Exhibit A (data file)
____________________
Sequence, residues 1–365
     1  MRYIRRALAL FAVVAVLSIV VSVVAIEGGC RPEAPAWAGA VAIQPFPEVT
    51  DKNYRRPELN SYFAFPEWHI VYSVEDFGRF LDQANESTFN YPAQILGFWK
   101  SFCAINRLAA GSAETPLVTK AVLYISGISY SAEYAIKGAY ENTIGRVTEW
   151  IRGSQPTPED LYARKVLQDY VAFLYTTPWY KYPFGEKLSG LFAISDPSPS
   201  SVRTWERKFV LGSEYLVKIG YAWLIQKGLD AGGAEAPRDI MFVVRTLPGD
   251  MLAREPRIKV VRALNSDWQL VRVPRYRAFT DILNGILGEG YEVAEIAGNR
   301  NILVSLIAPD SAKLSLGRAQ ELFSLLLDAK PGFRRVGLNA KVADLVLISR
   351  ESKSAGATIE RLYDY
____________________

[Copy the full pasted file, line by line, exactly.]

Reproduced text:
Sequence, residues 1–365
     1  MRYIRRALAL FAVVAVLSIV VSVVAIEGGC RPEAPAWAGA VAIQPFPEVT
    51  DKNYRRPELN SYFAFPEWHI VYSVEDFGRF LDQANESTFN YPAQILGFWK
   101  SFCAINRLAA GSAETPLVTK AVLYISGISY SAEYAIKGAY ENTIGRVTEW
   151  IRGSQPTPED LYARKVLQDY VAFLYTTPWY KYPFGEKLSG LFAISDPSPS
   201  SVRTWERKFV LGSEYLVKIG YAWLIQKGLD AGGAEAPRDI MFVVRTLPGD
   251  MLAREPRIKV VRALNSDWQL VRVPRYRAFT DILNGILGEG YEVAEIAGNR
   301  NILVSLIAPD SAKLSLGRAQ ELFSLLLDAK PGFRRVGLNA KVADLVLISR
   351  ESKSAGATIE RLYDY